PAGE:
More than 90 percent of Kentucky educators are effective; state Board of Education elects not to include ratings in accountability

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The majority of teachers and leaders evaluated in the first year of statewide implementation of Kentucky’s Professional Growth and Effectiveness System (PGES) were rated exemplary or accomplished, the Kentucky Board of Education learned at its meeting Aug. 6.

Under the system, about a third of certified educators in the state are evaluated each year. In 2014-15, about 16,700 teachers and about 1,400 principals and assistant principals received summative ratings.

Professional Growth and Effectiveness System Overall Summative Ratings 2014-15

Rating Teachers Leaders
Exemplary 28% 26%
Accomplished 65.5% 63%
Developing 6.3% 11%
Ineffective >1% 0%

 

“What we know is that our numbers are pretty reflective of what we are seeing nationwide,” Commissioner Terry Holliday said. “But we are concerned about the distribution. How can most teachers be rated high, yet only 50 percent of our students are performing at the highest levels?”

He reminded the board that the system is designed to promote professional growth among educators.

“We shouldn’t focus on the label; we should focus on the feedback and how teachers can use it to grow and improve,” Holliday said. “That will take a shift in culture.”

“It will take time, but it is worth the effort,” board member Nawanna Privett said.

Holliday told the board that despite glitches in the technology platform used for PGES, most teachers and partners feel the system is important and support moving forward with it.

In an effort to improve implementation of the system and increase its effectiveness, in the upcoming year the Kentucky Department of Education will provide more support for principals to provide high quality feedback to teachers, work to build capacity for use of the system in districts and increase the flexibility of the technology platform used for PGES.

During its meeting, the board debated how to use teacher and leader effectiveness as a component in the accountability system, as has long been discussed. There was some concern that the system might not “be ready for primetime” to include in accountability and that doing so could artificially inflate accountability scores and discourage the professional growth that the system is meant to promote.

Ultimately, the board voted not to include educator effectiveness as a specific measure in accountability, but to report the aggregate data publicly by district and state and revisit the issue next year.

In other action, the board:

  • Unanimously re-elected Roger Marcum to serve a third term as chair and Jay Parrent to serve a second term as vice-chair for the board in 2015-16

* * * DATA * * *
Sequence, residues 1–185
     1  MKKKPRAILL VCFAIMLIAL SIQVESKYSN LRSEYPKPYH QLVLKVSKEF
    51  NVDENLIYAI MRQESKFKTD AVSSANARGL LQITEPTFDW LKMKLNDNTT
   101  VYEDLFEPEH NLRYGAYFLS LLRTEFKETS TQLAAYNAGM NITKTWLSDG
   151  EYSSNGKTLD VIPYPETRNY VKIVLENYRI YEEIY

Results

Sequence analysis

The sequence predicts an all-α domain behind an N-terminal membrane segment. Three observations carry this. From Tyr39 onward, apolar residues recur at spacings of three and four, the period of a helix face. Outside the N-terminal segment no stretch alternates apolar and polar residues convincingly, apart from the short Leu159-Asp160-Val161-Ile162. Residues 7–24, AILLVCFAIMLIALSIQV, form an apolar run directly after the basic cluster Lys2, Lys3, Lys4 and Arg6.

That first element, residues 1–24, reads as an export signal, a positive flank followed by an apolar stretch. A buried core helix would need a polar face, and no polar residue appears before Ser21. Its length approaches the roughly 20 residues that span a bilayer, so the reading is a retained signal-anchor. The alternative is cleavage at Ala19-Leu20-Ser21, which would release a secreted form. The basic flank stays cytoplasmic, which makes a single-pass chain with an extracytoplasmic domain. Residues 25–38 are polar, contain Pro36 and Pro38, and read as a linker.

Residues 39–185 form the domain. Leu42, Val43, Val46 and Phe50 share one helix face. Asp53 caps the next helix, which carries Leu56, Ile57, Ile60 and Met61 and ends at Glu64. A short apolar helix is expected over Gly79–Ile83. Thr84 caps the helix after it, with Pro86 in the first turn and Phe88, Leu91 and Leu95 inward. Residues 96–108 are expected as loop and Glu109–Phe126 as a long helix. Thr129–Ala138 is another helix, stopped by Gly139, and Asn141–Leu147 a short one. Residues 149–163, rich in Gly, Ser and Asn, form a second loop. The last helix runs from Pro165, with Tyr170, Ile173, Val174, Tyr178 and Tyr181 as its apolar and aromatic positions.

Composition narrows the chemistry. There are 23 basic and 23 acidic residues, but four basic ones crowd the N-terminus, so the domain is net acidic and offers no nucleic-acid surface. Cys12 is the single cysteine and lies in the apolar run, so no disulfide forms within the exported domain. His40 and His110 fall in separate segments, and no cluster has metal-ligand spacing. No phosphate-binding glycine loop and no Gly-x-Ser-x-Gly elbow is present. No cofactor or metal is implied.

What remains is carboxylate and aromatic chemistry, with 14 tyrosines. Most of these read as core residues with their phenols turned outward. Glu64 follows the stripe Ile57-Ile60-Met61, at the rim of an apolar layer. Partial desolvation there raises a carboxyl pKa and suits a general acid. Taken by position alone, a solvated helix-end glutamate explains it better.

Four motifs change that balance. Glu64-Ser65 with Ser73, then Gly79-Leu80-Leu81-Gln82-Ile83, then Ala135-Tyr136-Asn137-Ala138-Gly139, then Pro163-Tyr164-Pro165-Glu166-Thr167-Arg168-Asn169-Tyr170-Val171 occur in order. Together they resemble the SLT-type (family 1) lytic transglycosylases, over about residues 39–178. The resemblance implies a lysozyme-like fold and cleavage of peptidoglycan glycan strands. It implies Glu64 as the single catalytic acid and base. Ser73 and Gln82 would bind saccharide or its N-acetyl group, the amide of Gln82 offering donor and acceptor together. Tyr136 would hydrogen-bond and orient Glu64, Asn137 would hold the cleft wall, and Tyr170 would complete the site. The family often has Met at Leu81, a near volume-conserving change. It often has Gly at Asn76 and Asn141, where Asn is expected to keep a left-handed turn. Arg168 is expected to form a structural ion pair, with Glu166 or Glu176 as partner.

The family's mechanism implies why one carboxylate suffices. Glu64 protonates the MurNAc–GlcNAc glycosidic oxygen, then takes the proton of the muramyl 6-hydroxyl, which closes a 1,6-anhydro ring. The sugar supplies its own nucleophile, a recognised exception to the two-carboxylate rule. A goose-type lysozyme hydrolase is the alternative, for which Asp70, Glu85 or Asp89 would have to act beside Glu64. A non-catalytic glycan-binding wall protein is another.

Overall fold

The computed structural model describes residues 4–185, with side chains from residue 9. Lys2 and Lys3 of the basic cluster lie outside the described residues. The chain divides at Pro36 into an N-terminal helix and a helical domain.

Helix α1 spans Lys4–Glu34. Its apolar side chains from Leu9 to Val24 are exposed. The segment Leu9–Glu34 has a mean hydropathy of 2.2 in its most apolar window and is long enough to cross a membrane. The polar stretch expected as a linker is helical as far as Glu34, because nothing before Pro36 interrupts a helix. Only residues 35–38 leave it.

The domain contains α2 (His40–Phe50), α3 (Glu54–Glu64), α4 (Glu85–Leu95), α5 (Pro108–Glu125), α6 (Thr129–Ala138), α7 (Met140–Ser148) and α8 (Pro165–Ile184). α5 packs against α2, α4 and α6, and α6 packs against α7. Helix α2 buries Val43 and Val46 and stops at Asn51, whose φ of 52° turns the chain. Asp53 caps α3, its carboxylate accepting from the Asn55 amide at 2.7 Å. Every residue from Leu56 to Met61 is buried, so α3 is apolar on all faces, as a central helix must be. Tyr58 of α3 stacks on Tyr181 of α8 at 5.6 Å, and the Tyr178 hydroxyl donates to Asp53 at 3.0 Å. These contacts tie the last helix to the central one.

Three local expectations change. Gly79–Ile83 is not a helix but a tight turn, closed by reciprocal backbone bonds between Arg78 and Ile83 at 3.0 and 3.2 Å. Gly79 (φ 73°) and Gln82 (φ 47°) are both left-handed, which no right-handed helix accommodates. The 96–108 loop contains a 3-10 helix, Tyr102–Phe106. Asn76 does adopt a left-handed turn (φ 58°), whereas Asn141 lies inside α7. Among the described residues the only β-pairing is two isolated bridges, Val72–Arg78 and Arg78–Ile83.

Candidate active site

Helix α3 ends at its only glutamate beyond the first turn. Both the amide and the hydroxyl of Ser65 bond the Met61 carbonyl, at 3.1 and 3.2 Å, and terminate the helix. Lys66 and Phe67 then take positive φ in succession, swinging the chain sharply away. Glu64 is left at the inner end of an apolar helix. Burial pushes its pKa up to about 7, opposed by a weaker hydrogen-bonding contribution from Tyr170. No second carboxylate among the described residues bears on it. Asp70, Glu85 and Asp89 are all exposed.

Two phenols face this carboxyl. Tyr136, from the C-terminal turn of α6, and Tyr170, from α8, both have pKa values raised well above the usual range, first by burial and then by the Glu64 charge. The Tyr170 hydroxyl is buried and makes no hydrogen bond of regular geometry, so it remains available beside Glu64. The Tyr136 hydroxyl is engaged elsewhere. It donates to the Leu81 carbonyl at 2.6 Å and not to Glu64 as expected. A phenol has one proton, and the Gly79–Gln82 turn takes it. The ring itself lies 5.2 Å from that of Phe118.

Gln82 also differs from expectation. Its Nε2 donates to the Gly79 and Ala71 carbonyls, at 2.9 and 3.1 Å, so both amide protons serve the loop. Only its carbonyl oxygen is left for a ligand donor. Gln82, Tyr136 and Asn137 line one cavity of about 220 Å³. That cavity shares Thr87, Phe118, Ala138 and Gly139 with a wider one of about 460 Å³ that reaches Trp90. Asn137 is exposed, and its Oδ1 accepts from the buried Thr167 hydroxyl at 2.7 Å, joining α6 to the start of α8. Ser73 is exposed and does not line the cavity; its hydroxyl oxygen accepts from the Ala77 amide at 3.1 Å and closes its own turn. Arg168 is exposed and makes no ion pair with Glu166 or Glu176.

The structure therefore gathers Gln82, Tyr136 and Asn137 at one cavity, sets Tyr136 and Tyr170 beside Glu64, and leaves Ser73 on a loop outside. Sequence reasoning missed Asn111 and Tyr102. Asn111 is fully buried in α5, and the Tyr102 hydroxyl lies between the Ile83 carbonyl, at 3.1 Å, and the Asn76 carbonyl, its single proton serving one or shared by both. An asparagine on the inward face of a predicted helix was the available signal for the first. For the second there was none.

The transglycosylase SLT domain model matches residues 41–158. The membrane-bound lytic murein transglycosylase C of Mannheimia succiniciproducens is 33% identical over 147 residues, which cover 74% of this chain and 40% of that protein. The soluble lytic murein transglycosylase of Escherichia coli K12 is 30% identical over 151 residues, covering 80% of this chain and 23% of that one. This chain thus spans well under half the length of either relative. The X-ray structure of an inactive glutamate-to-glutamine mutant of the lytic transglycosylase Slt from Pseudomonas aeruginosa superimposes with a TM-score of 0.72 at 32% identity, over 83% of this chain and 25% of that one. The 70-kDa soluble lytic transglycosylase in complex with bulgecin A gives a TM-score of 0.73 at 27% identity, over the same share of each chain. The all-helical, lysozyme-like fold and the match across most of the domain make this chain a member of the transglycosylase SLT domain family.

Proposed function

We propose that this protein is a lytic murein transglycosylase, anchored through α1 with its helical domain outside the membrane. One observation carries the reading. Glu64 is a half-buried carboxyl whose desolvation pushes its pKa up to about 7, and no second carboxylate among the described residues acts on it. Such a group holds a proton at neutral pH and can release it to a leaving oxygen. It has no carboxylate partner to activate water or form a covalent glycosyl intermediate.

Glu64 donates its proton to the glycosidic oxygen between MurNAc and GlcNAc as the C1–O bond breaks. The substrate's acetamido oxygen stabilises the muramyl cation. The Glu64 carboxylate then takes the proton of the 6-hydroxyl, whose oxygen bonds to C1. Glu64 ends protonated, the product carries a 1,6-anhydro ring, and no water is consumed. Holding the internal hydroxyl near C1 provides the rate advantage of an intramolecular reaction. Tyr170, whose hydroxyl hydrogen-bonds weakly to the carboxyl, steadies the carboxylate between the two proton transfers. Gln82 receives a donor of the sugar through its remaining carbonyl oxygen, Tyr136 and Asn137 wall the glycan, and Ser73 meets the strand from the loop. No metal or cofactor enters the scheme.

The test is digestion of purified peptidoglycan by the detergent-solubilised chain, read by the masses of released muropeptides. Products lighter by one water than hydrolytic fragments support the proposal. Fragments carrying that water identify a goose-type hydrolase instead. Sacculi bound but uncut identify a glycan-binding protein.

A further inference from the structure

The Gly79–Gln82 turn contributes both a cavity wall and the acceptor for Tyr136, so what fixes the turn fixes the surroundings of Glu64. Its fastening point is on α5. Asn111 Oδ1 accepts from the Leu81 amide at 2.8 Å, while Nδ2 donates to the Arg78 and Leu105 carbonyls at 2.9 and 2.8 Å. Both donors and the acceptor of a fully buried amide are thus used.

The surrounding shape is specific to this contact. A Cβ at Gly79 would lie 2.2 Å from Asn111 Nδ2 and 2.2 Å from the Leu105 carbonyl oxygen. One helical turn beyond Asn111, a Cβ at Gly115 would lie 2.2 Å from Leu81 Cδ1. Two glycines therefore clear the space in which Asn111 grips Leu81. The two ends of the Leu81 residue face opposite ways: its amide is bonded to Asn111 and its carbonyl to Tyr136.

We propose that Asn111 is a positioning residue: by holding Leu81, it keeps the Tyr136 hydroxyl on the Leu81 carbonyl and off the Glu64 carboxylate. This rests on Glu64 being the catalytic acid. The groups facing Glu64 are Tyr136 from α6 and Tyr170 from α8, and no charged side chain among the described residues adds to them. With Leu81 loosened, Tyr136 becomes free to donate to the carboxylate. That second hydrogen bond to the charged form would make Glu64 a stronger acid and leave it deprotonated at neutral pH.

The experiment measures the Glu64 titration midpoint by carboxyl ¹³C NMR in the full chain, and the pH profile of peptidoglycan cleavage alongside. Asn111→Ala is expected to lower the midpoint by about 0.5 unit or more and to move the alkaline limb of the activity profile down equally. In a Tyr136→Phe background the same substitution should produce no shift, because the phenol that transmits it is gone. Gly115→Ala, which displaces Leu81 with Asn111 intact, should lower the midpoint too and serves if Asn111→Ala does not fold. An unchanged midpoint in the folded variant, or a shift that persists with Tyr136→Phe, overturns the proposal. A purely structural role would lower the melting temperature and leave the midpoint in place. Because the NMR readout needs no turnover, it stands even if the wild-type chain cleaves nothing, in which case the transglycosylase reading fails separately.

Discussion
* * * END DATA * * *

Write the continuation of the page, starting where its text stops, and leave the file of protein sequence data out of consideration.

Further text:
• Gave final approval to 702 KAR 1:170, School District Data Security and Breach Procedures
  • Approved District Facility Plans for Carter County, Hancock County, Marion County, Meade County and Robertson County school districts
  • Approved District Facility Plan Amendments for Corbin Independent and Kenton County school districts
  • Approved a waiver request of 702 KAR 5:030, Section 22, from the Jefferson County Public Schools
  • Approved the 2014-15 Local District Tax Rate for the Johnson County school district

Also at the meeting, the board reviewed:

  • Proposed items, beyond baseline funding, to include in the Kentucky Department of Education’s 2016-18 biennial budget request. Final approval of the 2016-18 Biennial Budget Request will be considered at the board’s October meeting.
  • Potential legislative agenda items for the 2016 regular session of the General Assembly. The board will finalize the list at its October meeting.
  • Information on how the Kentucky Department of Education is complying with achievement gap legislation. Although the Kentucky Department of Education has exceeded its responsibilities under KRS 158.649, the department has additionally and further strengthened its efforts to reduce achievement gaps by adopting a Novice Reduction Plan. Through this plan, the Kentucky Department of Education will work with districts to:
    • design and deploy standards
    • design and deliver instruction
    • design and deliver an assessment literacy process
    • review, analyze and apply data results
    • design, align and deliver support processes
    • establish a learning culture and environment
    • align community support partners
    • monitor implementation of legal requirements

The most effective strategies within these areas will be identified and shared with schools and districts so they will have resources to use as they review their work focus on Novice Reduction.

Additionally at its meeting, the board voted to include another person in the pool of candidates that it may interview to be the next commissioner of education. The action occurred after the board received additional information on one of the 44 applicants. Pending additional information that is being gathered on the semi-finalists, the board agreed to interview up to 16 applicants Aug. 14-15 in Louisville.

The next regular meeting of the Kentucky Board of Education is scheduled for Oct. 6 in Frankfort.

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